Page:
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The Bar Bulletin
Jax Daily Record Monday, Feb. 26, 201806:40 AM EST

How required unanimity changed the death penalty

4th Judicial Circuit relies on concise procedure.
by: Max Marbut Associate Editor

In January 2016, a ruling from the U.S. Supreme Court changed a key requirement for a judge in Florida to hand down a death sentence to a person convicted of a capital crime.

The court ruled that Florida’s sentencing procedure was unconstitutional under the 6th Amendment, which guarantees the right to a trial by jury.

Effective after the Hurst v. Florida decision and a similar order by the state Supreme Court in October 2016, juries must be unanimous in recommending the death penalty before a judge can send a convicted defendant to death row.

Before the ruling, only a supermajority vote (at least 10 of 12 jurors) was required for that sentence.

In response to the requirement for a unanimous death recommendation, the 4th Judicial Circuit developed a concise written procedure to determine whether the state attorney will ask for the death penalty or a sentence of life in prison without parole when a defendant is charged with a capital crime.

“Our process is modeled loosely on the way the Department of Justice handles death penalty decisions,” said Mac Heavener, chief assistant state attorney and direct supervisor of the Special Prosecution, Special Assault and Homicide divisions.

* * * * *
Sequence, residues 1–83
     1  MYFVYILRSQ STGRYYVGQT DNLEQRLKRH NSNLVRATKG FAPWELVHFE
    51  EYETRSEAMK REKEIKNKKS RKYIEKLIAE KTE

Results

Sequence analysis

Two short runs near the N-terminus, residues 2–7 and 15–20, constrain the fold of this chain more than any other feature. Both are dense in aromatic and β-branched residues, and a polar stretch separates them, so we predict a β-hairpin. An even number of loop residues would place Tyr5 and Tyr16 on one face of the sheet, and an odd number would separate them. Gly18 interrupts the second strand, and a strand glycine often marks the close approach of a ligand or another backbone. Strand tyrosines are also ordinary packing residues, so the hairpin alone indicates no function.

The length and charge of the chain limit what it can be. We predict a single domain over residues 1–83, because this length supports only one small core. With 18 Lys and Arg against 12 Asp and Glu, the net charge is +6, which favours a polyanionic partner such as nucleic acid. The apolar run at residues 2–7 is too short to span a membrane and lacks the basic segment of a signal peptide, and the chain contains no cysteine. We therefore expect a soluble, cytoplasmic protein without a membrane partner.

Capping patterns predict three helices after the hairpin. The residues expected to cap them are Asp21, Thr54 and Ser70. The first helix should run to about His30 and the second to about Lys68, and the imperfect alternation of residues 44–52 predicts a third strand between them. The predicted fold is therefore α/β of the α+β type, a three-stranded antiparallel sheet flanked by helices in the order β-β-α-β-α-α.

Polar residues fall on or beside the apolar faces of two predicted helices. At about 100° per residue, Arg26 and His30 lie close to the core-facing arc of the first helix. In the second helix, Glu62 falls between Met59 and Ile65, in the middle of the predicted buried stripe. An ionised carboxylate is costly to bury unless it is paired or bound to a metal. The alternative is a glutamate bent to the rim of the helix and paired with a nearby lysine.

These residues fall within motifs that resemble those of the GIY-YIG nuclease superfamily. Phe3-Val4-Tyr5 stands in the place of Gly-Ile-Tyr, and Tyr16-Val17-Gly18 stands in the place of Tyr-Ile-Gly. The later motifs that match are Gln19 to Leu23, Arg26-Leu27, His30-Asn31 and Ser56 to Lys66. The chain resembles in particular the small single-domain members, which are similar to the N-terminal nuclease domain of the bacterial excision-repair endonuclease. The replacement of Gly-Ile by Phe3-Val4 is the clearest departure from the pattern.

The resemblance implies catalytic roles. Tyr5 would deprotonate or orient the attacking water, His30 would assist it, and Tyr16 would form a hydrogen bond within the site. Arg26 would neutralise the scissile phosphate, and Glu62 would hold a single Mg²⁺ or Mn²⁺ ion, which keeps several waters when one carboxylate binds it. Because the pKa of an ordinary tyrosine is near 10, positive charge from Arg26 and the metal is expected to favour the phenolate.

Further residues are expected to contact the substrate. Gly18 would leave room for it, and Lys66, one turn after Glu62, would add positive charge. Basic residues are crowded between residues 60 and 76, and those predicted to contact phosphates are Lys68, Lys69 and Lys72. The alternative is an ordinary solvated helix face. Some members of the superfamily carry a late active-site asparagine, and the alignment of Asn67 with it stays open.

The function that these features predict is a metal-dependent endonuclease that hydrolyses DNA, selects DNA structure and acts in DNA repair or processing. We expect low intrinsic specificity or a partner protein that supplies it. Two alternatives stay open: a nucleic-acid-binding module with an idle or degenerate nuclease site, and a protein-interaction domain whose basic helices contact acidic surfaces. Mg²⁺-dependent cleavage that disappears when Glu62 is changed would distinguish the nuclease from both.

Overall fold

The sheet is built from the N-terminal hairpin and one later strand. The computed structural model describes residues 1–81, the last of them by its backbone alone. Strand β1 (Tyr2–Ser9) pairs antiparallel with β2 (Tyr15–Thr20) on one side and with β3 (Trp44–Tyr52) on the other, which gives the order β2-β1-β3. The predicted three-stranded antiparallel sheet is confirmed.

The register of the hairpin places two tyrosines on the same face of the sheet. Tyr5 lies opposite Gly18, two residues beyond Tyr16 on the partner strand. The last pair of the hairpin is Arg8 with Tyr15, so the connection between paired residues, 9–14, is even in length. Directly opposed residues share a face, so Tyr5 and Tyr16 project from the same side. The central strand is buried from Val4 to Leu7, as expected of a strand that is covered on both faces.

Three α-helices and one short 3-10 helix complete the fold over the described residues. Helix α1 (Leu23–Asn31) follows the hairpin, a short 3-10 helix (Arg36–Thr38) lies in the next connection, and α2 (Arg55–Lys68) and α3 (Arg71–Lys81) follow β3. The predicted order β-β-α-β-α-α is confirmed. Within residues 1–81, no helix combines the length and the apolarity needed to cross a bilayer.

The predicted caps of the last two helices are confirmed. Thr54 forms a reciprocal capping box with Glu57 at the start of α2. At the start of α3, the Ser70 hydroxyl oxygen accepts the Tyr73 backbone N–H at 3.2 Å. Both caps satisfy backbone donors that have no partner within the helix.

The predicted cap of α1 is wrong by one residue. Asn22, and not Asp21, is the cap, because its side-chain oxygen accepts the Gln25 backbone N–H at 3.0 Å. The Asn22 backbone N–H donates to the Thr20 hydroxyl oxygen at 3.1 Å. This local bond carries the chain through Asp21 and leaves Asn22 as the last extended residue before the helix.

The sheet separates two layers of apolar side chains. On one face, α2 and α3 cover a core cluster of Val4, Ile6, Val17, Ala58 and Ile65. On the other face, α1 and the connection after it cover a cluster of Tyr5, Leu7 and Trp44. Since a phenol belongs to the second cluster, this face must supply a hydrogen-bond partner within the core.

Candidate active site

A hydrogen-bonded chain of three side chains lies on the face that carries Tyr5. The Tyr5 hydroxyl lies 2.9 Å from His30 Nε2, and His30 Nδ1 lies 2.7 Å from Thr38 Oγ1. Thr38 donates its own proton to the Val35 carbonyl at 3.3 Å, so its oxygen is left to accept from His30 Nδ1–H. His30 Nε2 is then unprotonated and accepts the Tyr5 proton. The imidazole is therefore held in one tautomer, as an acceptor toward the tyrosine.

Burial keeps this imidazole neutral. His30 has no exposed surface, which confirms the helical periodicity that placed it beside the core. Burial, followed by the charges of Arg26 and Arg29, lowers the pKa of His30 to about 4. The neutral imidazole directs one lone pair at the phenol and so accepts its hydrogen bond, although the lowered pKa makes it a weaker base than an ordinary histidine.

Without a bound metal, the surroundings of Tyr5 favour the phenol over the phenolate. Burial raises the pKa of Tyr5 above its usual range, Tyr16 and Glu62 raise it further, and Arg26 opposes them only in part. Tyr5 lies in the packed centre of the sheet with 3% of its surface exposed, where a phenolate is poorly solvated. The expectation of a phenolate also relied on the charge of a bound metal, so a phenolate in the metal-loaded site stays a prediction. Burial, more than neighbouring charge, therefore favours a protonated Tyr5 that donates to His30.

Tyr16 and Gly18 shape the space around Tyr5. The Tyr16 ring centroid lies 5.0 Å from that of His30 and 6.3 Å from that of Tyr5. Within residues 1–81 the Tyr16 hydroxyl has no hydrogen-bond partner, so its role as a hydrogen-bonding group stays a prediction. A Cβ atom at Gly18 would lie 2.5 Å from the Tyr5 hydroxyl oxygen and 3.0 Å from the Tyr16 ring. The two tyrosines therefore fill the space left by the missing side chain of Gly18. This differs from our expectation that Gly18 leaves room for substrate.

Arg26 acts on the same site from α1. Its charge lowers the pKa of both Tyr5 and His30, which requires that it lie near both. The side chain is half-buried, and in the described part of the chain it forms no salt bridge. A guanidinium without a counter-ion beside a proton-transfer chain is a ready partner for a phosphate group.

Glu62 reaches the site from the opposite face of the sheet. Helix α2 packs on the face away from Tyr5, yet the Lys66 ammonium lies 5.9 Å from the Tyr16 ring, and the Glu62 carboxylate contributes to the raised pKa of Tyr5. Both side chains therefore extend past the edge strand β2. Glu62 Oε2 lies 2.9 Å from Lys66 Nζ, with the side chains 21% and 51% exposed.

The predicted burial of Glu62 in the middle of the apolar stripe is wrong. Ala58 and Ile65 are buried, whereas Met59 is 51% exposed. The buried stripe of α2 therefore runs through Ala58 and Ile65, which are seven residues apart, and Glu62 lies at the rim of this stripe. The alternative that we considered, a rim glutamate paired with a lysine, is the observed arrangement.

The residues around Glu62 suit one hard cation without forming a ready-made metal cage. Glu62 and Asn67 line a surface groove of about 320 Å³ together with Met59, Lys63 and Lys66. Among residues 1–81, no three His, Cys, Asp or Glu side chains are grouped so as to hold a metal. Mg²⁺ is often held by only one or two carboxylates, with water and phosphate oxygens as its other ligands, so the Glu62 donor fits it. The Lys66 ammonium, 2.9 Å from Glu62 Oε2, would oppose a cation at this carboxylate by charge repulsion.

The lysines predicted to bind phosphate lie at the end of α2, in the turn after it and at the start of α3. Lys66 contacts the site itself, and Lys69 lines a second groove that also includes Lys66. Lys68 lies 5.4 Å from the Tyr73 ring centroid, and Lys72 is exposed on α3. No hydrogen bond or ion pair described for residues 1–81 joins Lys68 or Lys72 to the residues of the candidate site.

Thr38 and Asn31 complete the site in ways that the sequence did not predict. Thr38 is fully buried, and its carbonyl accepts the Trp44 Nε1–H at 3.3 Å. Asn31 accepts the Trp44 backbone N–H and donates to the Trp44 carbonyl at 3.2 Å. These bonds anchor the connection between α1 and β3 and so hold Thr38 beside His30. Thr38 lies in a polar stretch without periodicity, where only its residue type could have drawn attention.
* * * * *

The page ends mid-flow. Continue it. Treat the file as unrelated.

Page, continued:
The purpose is to assure fair, uniform, efficient and transparent handling of homicide cases and to provide appropriate review of how homicide cases are investigated, charged and prosecuted.

“We have a number of experienced prosecutors reviewing cases and the policy is applied to every murder indictment,” Heavener said.

The assistant state attorneys who comprise the Grand Jury Indictment Review Panel act in a fact-finding role to State Attorney Melissa Nelson, who makes the decision whether to seek the death penalty.

The nine-member panel of division chiefs and assistant state attorneys considers the facts of each case, based on relevant Florida law within a framework of consistent and even-handed application of the law.

Under the policy, arbitrary or legally impermissible factors —including a defendant’s race, gender, ethnicity, sexual orientation or religion — do not play a role in the decision to seek or waive the death penalty.

“The panel provides quality control in terms of the strength of the case. It involves more people in a thoughtful, methodical process,” said Heavener.

“We want to make the right decision, using the right process, for the right reasons.”

Of the 347 people currently on Death Row in Florida, 53 were sentenced in the 4th Circuit: 47 in Duval County, six in Clay County and none in Nassau County.

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